Labor

THIS IS A PAGE ABOUT LABOR & HUMAN RIGHTS

The U.S. military in Iraq has demanded that the passports of all employees of contractors and subcontractors serving the military in Iraq be returned to them by May 1.
The drop in U.S. demand for high-end jewelry in a slumping economy is having ripple effects around the globe as stores close, workers are laid off in mass in the diamond-polishing factories of Gujarat, and countries like Botswana experience a dramatic drop in diamond revenue.
A landmark legal case now before the US Supreme Court holds huge implications for lakes across the continent. Nearly four decades the Clean Water Act was passed to protect waterways from industrial pollution, a proposal by Coeur d'Alene Mines Corp. to dispose of tons of effluent in Alaska's Lower Slate Lake has sparked an international debate.
Flower growers in Kenya have gone on strike to protest unpaid wages from Karuturi Global, the Indian flower export multinational. The strike is the latest in a series of problems that have caused the company share price to plummet from over Rs39 in 2008 to Rs0.63 in mid-September 2013.
Dozens of workers at a Teesside chemical plant received hospital treatment after suffering burns and breathing difficulties following a leak of 4.5 tonnes of toxic chemicals.
A Los Angeles jury awarded $3.3 million to six workers on Monday who claimed they were left sterile by a pesticide used at a banana plantation in Nicaragua operated by Dole Fresh Fruit Co.
At Halliburton's recent annual shareholders meeting in Houston, all was remarkably staid as the company celebrated its $4 billion in 2008 operating profits, a striking 22% return at a time when many companies are announcing record losses. Just three months ago, however, Halliburton didn't hesitate to pay $382 million in fines to the U.S. Department of Justice as part of the settlement of a controversial KBR gas project in Nigeria in which the company admitted to paying a $180 million bribe to government officials.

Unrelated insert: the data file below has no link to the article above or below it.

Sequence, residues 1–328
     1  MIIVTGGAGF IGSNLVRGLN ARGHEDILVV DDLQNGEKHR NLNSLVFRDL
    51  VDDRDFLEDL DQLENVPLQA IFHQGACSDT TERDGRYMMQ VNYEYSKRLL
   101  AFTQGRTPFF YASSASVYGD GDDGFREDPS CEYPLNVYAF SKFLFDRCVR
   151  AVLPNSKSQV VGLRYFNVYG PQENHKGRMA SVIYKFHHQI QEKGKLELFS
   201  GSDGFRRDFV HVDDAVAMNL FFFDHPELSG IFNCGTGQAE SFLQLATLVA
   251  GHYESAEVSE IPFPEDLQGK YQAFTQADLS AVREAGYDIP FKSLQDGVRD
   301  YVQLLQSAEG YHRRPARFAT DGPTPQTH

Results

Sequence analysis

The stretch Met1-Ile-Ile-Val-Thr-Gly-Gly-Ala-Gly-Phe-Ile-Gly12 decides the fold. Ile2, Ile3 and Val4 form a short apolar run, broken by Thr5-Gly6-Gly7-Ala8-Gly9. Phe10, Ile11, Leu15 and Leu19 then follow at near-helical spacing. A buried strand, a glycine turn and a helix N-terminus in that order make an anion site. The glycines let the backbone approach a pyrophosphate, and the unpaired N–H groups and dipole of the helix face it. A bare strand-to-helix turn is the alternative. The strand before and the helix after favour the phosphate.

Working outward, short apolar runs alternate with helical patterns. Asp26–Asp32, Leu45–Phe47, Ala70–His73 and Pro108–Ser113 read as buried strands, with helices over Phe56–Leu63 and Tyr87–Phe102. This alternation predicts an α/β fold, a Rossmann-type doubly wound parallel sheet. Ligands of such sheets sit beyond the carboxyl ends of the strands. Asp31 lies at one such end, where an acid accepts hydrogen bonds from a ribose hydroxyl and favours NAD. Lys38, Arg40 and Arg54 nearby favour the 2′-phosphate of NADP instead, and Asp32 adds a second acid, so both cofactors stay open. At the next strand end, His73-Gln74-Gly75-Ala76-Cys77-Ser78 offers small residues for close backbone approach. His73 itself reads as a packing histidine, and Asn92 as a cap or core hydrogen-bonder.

Nearly a decade after some of the most powerful companies in the world - often under considerable criticism and consumer pressure - began an effort to eliminate sweatshop labor conditions in Asia, worker abuse is still commonplace in many of the Chinese factories that supply Western companies, according to labor rights groups.
Carnival Cruise staff on UK ships are paid $1.20 an hour or $400 a month in basic wages, according to the Guardian newspaper. These workers lose their tips, ie roughly 15 percent of wages, unless they get at least a 92 percent favorable rating from customers.
Globally, Toyota is known for its innovation and quality of products like the Prius hybrid. A closer look at operations in Japan, the Philippines, Myanmar and the U.S. reveals a story of extreme working conditions, union-busting and other corporate abuses. In Japan and elsewhere, workers are speaking out.